As the Family Goes

JP II Quote

"As the family goes, so goes the nation, and so goes the whole world in which we live." John Paul II

Friday, August 1, 2014

Two Minutes

Two minutes.  That's how long a temper tantrum that's lasting for what feels like an eternity actually takes.  It's also how long it takes to get a little perspective.  Two minutes isn't very long, but when a stubborn child is putting their feet down, and is in an "everything is making me cry because you didn't let me do what I want to do, and I just hit my toe, and I wish it was sunny today, and can I please have a snack - wait, that's what I was crying about in the first place - waaaaaaaaah!" let's just say it feels a whole lot longer. One of my children, if you haven't guessed, is in this phase.  They have been there before and seemed to come out of it.  "Great," thought I, "they're finally maturing a little bit."  Nope.  I'm going to guess this is fairly typical, which I hope will provide me some comfort but these days, it's just daunting.  I have a house full of babies already, and when my big kids start acting like babies I go from zero to sixty - quick.  Not good.

Having reached a boiling point a few weeks ago, where my temper escalated to the point no parent's ever should with any child, I knew something had to be done, and I knew it was me.  This child is, after all, a child, and still has a lot of growing to do myself.  I can probably expect much more of this before their growing is through, and I should not be so quick to turn the page when I, in fact, have so much growing to do.  The first thing was (and always is) an apology to the child for loosing it.  No matter how much they push me, they are children - I am a grown up.  It's not okay for me to lose my cool.

But when said child began again to push and push, I had to put myself back to that moment, and know that I can't keep letting myself get so angry.  It's hard!  I tried at first to put a bit of separation between myself and the child, because really when we get to that point there is no rationalization of anything (I think that's my biggest problem - I try to talk too much and "work things out", instead of walking away and coming back when we both have cooler heads). I explain to the child, "I can't listen to you cry that way.  Remember when I yelled at you and it made you cry?  I don't want to do that, but I can feel like I'm starting to lose my temper, so I'm going to put you in this place (bedroom, timeout, outside on the deck, whatever) until you feel like you're done crying.  You can cry for as long as you need and when you're done, we can talk."  This child HATES being left alone to cry, but gosh-darnit when I come back the crying seems to have passed.  Maybe it's just that they don't want me to leave again, but whatever the reason, I'm just happy when the fit is over.

But sometimes, it's not over.  Sometimes, like the other day, we find ourselves face-to-face with a child who is melting down, behaving well below their actual age, when there are a million other things going on and you just don't want to deal with this AGAIN.  "Put the monkey on their back," my husband told me after my last southward attempt at handling this child.  This child who, he reminds me, I push as much as they push me.  "But how?"  I lamented.  I really didn't know.

So there I was, a frustrated child and a frustrated Mama.  I just sat on the floor, my head in my hands, sinking further into despair as my child sank further into a tantrum.  I tried to wait it out, but it just kept feeding itself and the longer the child cried, the further away from actually settling down they seemed.  Desperate, I prayed for wisdom.  Please God, help me, I begged.  I did not want to lose my temper again.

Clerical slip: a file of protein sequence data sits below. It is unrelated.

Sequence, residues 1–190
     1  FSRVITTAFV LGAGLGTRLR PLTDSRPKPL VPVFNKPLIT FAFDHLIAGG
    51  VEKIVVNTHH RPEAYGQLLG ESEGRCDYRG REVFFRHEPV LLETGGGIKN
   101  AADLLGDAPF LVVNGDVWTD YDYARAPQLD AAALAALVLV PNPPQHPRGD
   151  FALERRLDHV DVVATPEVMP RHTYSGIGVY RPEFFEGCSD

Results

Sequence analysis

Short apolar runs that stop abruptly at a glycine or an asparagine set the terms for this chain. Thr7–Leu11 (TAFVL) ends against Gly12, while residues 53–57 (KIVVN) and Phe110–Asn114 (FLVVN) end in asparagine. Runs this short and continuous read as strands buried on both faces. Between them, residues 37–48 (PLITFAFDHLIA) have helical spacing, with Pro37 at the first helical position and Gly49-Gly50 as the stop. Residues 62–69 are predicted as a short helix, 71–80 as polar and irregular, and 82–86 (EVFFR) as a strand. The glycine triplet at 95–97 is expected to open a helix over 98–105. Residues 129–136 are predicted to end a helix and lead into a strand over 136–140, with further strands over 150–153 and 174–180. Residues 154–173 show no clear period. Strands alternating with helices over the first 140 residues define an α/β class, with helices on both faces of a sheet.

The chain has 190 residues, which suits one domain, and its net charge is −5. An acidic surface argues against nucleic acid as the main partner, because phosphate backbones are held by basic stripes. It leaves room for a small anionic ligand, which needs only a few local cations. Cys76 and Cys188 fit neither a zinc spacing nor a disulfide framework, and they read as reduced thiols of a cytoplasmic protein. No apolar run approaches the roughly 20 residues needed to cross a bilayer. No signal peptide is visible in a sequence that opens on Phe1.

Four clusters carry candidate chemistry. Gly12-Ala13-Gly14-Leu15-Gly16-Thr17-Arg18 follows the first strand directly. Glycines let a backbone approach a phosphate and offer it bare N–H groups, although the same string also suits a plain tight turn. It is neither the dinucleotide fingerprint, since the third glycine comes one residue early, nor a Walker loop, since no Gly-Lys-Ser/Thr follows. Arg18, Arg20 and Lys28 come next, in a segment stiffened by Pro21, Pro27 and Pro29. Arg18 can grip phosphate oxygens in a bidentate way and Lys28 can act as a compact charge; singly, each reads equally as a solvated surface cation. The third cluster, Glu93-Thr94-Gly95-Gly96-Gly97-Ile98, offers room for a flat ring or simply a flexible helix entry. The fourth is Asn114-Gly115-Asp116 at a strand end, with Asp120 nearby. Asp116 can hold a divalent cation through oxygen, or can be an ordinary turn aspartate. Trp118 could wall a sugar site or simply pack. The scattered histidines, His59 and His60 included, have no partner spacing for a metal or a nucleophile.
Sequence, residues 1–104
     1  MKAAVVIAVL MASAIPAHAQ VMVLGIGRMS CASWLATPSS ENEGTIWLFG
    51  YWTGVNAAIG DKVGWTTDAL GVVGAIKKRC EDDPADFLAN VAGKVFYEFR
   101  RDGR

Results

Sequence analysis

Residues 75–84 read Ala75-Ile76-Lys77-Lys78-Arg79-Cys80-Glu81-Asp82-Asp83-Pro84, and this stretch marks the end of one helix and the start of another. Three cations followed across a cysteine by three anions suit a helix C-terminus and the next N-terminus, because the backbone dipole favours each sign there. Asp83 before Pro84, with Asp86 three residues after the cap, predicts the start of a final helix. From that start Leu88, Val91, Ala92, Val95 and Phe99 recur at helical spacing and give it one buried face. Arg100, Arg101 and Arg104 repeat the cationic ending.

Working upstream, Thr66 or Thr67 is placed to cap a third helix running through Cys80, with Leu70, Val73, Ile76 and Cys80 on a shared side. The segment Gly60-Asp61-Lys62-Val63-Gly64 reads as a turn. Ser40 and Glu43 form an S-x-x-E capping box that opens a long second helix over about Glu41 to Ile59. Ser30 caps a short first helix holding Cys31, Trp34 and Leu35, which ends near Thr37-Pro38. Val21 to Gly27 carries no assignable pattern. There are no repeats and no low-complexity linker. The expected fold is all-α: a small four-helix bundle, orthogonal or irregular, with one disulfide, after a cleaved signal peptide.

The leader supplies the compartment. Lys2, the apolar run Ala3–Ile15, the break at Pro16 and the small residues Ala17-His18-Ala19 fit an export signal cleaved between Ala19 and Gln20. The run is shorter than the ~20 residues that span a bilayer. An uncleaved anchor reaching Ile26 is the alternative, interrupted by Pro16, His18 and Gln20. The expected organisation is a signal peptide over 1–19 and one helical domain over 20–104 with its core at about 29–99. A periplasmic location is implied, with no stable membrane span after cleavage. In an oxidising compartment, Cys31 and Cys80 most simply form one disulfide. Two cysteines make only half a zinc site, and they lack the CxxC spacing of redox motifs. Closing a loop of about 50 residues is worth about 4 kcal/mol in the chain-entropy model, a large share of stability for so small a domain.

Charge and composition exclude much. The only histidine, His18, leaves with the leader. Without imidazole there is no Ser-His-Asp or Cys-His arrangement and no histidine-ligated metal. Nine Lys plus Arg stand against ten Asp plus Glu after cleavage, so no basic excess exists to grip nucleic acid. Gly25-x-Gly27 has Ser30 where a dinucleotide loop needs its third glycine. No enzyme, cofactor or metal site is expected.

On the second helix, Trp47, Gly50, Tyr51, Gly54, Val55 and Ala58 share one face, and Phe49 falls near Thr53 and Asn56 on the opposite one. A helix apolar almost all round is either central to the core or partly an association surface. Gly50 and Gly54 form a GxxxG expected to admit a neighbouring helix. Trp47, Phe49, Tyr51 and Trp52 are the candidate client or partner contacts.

I figured I was on the right track by waiting the tantrum out, but decided that since the child seemed to be dragging it on purposefully, it should come with consequences for not being willing to calm down.  I thought of the monkey on the back, and decided to exchange minute-for-minute tantrum time for bedtime.  I told the child I was going to set my stopwatch and stop it only when they stopped crying and did what I asked without whining.  Once the watch was stopped, whatever time was on the watch would be how many minutes early the child had to go to bed that evening.  The crying resumed and I pushed the button.  Aha! I thought.  Now we'll see where your pushing gets you.

It went on long enough that I thought maybe it wasn't working but finally, after what seemed like a long time, the child calmed down and did what I wanted.  I stopped the watch to see just how long I was sitting in agony, and the numbers slapped me in the face - 1 minute and 35 seconds.  That was it!!!  I was certain this had been going on for so much longer.  And realized that I needed that timer as much as the child did, because it shows me just how poor of a grip I have on reality.  When I get so deep in the middle of a struggle with a child, what seems like eternity really is only a few minutes.  And yet, so often my discipline matches what I thought the situation was, not what it actually was.  In the end, a minute and 35 seconds seemed so small an amount of time that I did not put them to bed that early.  And it helped me to gain a little perspective.  This really is the small stuff that people tell you not to sweat.  But in the heat of the moment, small stuff can seem so big!  If I can keep a realistic perspective on life, I will be a much better parent. Because when I feel like something so small is about to undo me, it's pretty hard to argue with 1:35.  That's not forever, that's not eternity - it's just a blip on the radar. But it's just enough time for me to pray, refocus, and not be so hard on my child.  Which in the end, makes a much more peaceful household.

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